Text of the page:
It can be so frustrating when you feel you are doing your best and your children *still* won't cooperate with you! I have had periods with my children where I felt the same way you do: that nothing works and I'm constantly threatening to take things away and do nothing fun. It's not a good feeling and I really sympathize!
Now that my oldest is older (7 years and very high-need) we've been through the good-bad-good cycle a few times together, and there are a few things I've observed. One is that my children (DS1, 7 yrs, DS2, 2 yrs) tend to behave undesirably when I am very busy, whether it's a project I've involved myself with or am just taking too long checking my email. I wonder if your 4yo has (unintentionally) found that mischief gets mommy's undivided attention -- my kids do this sometimes too when I am concentrating on something else, especially if I've been busy with that something else a lot lately. Maybe using a sling or other type of baby carrier would make it easier to keep your baby close and even nurse while engaging with your older children, lessening the opportunity and need to get your attention.
Another thing I've noticed is that my boys become "mother deaf" when I fall into a habit of barking orders at them. I have learned to stop and ask myself whether I *need* them to do something, or do I feel like I should? Depending on the situation, I remind myself to take a deep breath and watch to see if DS does what I'm itching to tell him to do -- it's usually something like cleaning up a spill or closing the door all the way. Often, when I give him a chance to do it without being nagged, he does it on his own. Unfortunately we also have those days when it seems like everything my kids do is on purpose to make the biggest possible mess in the shortest amount of time, like the day recently when DS1 made himself an extremely messy peanut butter & jelly sandwich, getting jelly all over the counter and himself. He was not very cooperative in dealing with the mess and I'm sure, in retrospect, that my angry reaction only made the situation worse. My son could probably have cleaned up all that jelly with no extra commentary on my part, but all I could think about was how hard it would be to get out of the carpet! We all mess up sometimes, and we have to be willing to forgive ourselves and recognize the fact that we will have another chance to respond more positively the next time. So, the thing that I have learned to effectively deal with "mother deafness" is to first stop and ask myself if I really need to be demanding that my child do whatever it is that seems so urgent in the moment. The answer is often no; when it's yes, such as when something can get broken or someone can get hurt, I physically stop the activity if necessary (banging on the window with a stick, hitting another child), put my hands on my child's shoulders and make eye contact, say his name, and tell him he *may not* continue doing whatever it is, and that if he does, the consequence will be...whatever (I will take the stick away because I don't want the window broken; we will leave the park because hitting is not acceptable). I ask if he understands and if not I clarify. Sometimes, it turns out that the hitting was due to another child calling names or taking something from him, and then I encourage him to talk to the other child instead of hitting. Often, it seems that destructive (or potentially destructive) activities happen when I am busy, and that fighting with other kids tends to happen when they have been playing together for awhile and are tired, hungry, in need of a change of scenery, etc.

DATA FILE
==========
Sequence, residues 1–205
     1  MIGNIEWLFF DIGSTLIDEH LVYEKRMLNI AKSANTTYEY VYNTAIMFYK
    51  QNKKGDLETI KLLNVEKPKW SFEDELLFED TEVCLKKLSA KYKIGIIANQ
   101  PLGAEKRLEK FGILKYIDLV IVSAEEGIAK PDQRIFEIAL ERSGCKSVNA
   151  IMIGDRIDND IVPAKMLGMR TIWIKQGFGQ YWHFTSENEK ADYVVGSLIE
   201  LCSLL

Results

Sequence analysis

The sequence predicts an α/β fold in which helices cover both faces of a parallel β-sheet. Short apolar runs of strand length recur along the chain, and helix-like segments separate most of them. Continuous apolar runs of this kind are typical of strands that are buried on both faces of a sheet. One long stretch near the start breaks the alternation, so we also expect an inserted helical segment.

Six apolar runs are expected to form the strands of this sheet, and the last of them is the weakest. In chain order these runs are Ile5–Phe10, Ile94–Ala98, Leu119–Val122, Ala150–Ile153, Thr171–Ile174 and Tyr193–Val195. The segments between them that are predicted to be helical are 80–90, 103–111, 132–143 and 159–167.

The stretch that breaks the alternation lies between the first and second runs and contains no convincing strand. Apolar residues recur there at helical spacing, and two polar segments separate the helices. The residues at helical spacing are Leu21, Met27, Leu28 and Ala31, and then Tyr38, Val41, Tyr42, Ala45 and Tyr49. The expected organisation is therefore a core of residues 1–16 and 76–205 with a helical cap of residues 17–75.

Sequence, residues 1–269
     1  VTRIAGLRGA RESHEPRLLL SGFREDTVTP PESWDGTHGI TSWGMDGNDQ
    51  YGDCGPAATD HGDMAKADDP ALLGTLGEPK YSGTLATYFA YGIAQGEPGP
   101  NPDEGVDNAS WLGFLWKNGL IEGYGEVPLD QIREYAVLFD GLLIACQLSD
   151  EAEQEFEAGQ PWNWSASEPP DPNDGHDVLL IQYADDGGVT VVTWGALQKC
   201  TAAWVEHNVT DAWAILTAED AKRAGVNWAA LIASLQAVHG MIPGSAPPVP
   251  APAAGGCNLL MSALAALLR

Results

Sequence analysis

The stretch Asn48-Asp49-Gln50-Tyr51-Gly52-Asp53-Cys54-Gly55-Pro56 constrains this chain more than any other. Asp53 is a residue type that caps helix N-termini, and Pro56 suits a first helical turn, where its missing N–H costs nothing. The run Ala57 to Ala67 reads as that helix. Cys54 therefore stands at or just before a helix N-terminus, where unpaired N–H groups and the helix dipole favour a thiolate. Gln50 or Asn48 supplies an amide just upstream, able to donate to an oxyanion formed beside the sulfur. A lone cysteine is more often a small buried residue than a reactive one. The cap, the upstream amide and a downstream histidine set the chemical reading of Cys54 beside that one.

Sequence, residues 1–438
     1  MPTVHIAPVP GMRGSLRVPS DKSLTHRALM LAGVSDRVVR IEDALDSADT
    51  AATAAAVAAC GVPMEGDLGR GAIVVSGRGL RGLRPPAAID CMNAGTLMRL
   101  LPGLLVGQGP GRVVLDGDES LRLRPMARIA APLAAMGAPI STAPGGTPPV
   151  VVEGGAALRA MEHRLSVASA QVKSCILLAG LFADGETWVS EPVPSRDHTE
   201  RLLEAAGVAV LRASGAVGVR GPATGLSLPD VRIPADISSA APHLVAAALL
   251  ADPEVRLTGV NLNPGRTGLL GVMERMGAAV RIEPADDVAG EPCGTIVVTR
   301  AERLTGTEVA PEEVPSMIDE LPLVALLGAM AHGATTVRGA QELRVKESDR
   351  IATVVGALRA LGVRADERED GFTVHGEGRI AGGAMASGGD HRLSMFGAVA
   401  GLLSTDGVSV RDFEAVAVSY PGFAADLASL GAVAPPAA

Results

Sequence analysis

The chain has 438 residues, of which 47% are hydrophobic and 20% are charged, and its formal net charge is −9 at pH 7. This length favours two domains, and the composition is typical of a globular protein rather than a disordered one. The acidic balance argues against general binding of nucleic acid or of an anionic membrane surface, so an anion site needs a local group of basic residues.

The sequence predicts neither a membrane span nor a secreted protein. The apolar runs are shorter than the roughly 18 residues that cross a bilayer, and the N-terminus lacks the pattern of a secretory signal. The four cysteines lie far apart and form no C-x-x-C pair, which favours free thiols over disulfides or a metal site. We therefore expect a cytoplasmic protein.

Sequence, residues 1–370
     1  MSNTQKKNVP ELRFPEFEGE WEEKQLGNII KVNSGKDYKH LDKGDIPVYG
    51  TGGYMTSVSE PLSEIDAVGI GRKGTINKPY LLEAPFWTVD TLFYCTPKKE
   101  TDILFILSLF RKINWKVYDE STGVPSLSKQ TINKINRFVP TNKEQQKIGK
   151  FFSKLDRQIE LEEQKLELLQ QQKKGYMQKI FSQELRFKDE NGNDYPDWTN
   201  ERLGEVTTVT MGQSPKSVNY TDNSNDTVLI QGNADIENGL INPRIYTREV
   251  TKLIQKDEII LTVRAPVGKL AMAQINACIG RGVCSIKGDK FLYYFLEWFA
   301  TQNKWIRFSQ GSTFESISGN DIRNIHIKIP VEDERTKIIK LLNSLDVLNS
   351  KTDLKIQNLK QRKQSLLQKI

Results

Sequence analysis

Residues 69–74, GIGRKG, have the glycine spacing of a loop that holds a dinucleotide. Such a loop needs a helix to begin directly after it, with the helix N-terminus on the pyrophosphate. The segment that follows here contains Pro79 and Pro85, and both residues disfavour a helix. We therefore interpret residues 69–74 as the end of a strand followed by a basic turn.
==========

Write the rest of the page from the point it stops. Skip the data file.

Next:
I have found that my 2yo ignores me entirely when I don't connect with him. It makes a huge difference to get on his level, make eye contact, speak calmly, clearly, and simply, and above all, not be dramatic no matter how upset I am. If I allow myself to get emotional and yell, he thinks I am playing and laughs and runs away. If I calmly say, "Please put the apple slices back in the bowl" and hold out the bowl, watching him and doing *nothing* else, he usually says, "Okay!" and does it. I believe that it makes all the difference in the world for him to hear my request and see me right there next to him, ready to help if needed and also expecting that he'll do what I asked.
It really helps to consciously connect with my children when they are already behaving well. It's the last thing you want to do when you are irritated with their behavior sometimes! But it can make a big difference. Spending some time, even just a few minutes, making eye contact and smiling while we do something enjoyable together can really help me feel more positively about them. Then, if I *have* to do something, it helps to say, "I have to do this really important thing. It will take me 10 minutes. I am going to set the timer, and when it goes off we will read a book (make muffins, play trucks, build a castle...)." Then I have to really stick with it, and be done when the timer goes off; however it seems to help when it's a finite amount of time that I'll be busy, and they know we'll do something fun when I'm done.
This is totally off the wall, too, but I thought I'd mention it...my kids always act out more when they are in the process of coming down with a cold or something! We have sometimes had a very bad couple days, and then someone wakes up coughing and sniffling, or throwing up. I've heard this from other mothers too! I've also heard others say that kids feel sort of rough when they're working on learning a new skill or dealing with a new situation, and that's been my experience too.
Good luck! Your kids are lucky to have a mom who cares so much about their feelings. Hang in there!